4) Anarcho-Capitalism. This is the political system advocated by the followers of Murray N. Rothbard (For a New Liberty) and Bruce L. Benson (The Enterprise of Law: Justice Without the State). It declares the Constitution to be invalid, and all organized state functions to be immoral. According to these theorists, all functions of the state should be abolished — not only the tyrannical functions such as redistribution of income and social engineering, but also the protectivefunctions such as the military, police and courts of law. They insist that everything should be privatized and provided by the marketplace. Thus, anarcho-capitalists do not really want to eliminate the “protective” government functions; they just want to change them from state provided to privately provided institutions.
They purposely term themselves “anarcho-capitalists” so as to distinguish themselves from total anarchy. The basic premise of the Rothbardians is that if left alone in the absence of a mandatory state apparatus, men would form their own necessary armies and police forces privately via the profit motive, and by so doing, would avoid the chaotic Hobbesian war of all against all that pure anarchy would be.
Rothbardians will dispute it, but in an anarcho-capitalist society, all mega-corporations would inevitably develop their own armies and police forces. So also would the AFL-CIO, the Mafia, the NAACP, the Catholic Church, and Donald Trump. Any person, group, business, labor union, or religious sect could and would form their own private defense agencies to protect their interests and their constituents, all according to their concept of what is right.
I think it is fair to say that less government is certainly needed in the modern world, but the anarchist libertarians go far beyond the pale. In trying to link capitalism to a privatized military, police, and court system, they diminish the credibility of free enterprise in the eyes of all rational intellects. Unthinkingly they lend strength to the collectivist claim that capitalism is the “rule of the jungle.” This is no way to launch a freedom movement to challenge the tyranny of modern statism.
This writer sees in such a political philosophy the same impossible utopianism that devoured the far left socialists of the early 20th century. At that time, the collectivist theme was: “As soon as the Utopia is realized, the State will wither away.” Today, anarcho-capitalists sing the opposite tune: “As soon as the State withers away, the Utopia will be realized.” Both proclamations fail to grasp the true nature of human beings and the necessary essentials for a society of law. Both are attempts to convert an evil into a workable ideal through the evasion of reality.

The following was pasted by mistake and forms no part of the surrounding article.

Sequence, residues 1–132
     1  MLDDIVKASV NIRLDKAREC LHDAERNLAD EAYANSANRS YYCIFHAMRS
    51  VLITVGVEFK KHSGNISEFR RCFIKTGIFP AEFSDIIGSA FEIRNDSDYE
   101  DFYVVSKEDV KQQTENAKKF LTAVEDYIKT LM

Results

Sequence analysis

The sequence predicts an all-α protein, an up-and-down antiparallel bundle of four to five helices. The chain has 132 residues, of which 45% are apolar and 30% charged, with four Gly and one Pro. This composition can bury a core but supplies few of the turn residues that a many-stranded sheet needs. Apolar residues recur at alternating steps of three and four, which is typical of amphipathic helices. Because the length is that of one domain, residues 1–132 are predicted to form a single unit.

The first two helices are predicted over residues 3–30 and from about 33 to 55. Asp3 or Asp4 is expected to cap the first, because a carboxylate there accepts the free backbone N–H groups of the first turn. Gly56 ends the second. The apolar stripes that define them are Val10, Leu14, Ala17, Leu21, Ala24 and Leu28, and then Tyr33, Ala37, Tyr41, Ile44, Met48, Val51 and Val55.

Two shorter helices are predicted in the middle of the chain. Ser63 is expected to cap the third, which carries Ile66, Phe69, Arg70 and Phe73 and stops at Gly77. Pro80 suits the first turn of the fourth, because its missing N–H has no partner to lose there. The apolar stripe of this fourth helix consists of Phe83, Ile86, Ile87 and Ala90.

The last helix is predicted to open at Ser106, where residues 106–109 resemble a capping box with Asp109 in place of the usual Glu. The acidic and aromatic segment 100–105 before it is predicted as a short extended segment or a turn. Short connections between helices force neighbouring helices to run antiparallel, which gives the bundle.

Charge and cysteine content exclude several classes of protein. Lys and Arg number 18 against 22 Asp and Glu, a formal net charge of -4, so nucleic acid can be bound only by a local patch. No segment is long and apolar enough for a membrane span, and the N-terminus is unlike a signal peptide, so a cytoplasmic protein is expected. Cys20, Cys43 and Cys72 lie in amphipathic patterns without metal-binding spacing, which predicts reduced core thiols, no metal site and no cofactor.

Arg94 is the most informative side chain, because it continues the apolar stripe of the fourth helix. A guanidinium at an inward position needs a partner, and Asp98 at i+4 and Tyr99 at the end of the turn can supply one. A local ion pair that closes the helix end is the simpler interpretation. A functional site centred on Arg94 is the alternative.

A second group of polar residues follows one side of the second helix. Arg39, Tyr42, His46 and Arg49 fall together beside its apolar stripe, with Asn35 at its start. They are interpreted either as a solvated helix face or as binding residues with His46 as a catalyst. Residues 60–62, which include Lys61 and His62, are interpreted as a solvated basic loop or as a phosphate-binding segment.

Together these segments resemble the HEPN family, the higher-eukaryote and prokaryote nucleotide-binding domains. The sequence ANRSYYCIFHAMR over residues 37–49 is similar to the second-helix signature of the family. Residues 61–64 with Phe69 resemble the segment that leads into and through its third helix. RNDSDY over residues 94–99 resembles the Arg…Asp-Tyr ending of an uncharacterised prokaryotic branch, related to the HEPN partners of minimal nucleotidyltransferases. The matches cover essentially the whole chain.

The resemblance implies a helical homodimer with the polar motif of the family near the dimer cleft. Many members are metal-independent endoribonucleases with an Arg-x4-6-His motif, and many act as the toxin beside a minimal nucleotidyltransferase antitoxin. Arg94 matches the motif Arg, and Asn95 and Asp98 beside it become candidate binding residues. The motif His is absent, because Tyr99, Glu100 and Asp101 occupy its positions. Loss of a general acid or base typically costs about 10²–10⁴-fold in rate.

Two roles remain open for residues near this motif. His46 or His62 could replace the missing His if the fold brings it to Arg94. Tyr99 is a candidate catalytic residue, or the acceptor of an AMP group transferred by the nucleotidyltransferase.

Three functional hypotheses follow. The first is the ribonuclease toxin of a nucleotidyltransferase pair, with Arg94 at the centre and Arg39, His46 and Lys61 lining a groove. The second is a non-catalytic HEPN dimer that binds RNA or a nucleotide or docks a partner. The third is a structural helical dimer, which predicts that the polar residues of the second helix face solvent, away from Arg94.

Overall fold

5) Anarchism. This is a pre-civilizational “anti-social system” where there are no organized state institutions (voluntary or otherwise), no legal framework, no army for defense, no police forces, and no courts of law — just the rule of the jungle in the nomadic manner of our Cro-Magnon period of history. In such a society, anything would go if you were strong enough or brutal enough, or if you had a large enough clan of marauders and were willing to live outside the communal bonds that motivate most human beings.
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Hopefully the reader can now see that what is being taught as the political spectrum in today’s world is a briar patch of fallacies. Aristotle’s “doctrine of the mean” must be employed in order to grasp what the truth is on this issue. But to thoroughly validate the above portrayal of the political spectrum as the truth we also have to demonstrate why the mean in this case is the ideal? Granted, Aristotelian logic shows us that a Constitutional Republic (i.e., strictly limited-government) is the mean; but why does this make it the ideal form of political organization?